I woke up at a little after six this morning and my fuzzy eyes were immediately caught by an incredible glow coming in my window. It was dawn, just before sunrise and the entire sky was blazing deep pink and gold. I had my camera just a hand grab away and took some pictures. My friends, the breakfast club juncos were out in force, too. Here are a few pictures of my morning.

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What do you see when you look out your window? My view is breathtaking.

There seems to be some kind of misunderstanding. We’ve had a very hard — if brief — winter. We’ve had a huge amount of snow during a rather short period. While it’s easy to not want to be buried up to ones lip in snow and ice, I wouldn’t swap life here in this beautiful valley for city sidewalks. Not again. Been there — for a very long time, including a decade overseas — and am done with that.

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Public transport is a wonderful thing. Throughout my New York city childhood and teens, I used the subway as a matter of course. I didn’t even think about it. I rode buses and subways. I was young, spry. And I had no choice.

In Jerusalem, I rode buses. Jerusalem is an old city with narrow roads. The price of petrol was high and parking was scarce, so I didn’t bring my car into the city, but I used is for lots of other things. When I got back to the States and moved to Boston, I never used the T. By the time I moved to Boston, I was done with hauling ass into smelly, noisy subway stations. Sitting in trains packed body-to-body. Moreover, buses have all the same issues as cars. They are subject to the same traffic and tie-ups.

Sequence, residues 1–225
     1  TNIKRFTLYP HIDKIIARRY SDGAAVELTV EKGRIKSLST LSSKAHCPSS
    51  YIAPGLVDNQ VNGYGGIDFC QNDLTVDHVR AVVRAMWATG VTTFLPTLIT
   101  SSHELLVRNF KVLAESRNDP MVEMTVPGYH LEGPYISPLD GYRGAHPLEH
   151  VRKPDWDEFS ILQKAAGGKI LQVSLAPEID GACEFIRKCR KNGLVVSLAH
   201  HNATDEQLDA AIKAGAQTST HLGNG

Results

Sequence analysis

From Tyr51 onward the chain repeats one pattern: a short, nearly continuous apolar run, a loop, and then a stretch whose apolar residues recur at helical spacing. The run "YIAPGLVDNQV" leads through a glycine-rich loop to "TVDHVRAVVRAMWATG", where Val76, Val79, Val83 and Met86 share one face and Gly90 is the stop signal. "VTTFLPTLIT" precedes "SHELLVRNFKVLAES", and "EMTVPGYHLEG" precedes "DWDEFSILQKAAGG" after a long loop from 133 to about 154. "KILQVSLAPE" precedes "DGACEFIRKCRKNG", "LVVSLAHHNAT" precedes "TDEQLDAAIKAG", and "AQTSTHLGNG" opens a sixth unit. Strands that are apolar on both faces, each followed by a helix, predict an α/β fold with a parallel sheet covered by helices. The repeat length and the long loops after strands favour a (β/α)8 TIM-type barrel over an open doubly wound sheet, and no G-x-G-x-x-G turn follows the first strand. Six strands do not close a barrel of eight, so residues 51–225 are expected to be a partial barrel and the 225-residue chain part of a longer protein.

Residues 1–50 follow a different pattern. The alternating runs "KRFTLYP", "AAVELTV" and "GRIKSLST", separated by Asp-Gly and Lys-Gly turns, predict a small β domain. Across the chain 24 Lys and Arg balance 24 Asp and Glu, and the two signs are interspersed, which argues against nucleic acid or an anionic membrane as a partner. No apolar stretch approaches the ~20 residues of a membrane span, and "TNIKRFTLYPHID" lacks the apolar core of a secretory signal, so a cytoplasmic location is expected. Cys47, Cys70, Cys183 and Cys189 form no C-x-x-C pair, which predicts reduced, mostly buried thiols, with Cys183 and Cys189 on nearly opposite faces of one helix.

Garry and I lived downtown, in the middle of the city. We could walk most places in halfway decent weather. I had great muscles in my Boston years. I was still agile enough to haul myself and the groceries uphill and not need to call an ambulance afterward. Later, we moved to Roxbury, at the edge of the city. There was plenty of parking on the street and in the parking lot of our condominium. Our doctor was in the suburbs. We did everything except grocery shopping in the suburbs. I was a wrong way commuter when I didn’t work at home.

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Garry worked at weird hours, so usually, traffic wasn’t a major issue. Then came The Big Dig, the gigantic public works project which tore Boston apart for more than 15 years. We fled to the country and we still live here.

Do I yearn for city life, with its restaurants and convenient public transport? Not really. I like an occasional jaunt into town, but I’ve no desire to live there. I certainly hope I’ve never conveyed that impression. Of course I’d definitely appreciate less brutal winters, but when you add up the columns … positive vs. negative… New England wins every time. I love the culture of the region. I love the natural beauty, the rivers, the valley. The birds. I love the farm around the corner.  The architecture. The intense blueness of state politics.

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I’m deeply grateful for the great, universal health care. Amazing health care and state-of-the-art, world-class facilities. And doctors, without whom I’d be dead thrice over.

Pity about the miserable winters … but I’m not going to trade living someplace I love for someplace with easier winters. Not in this life, but maybe next time.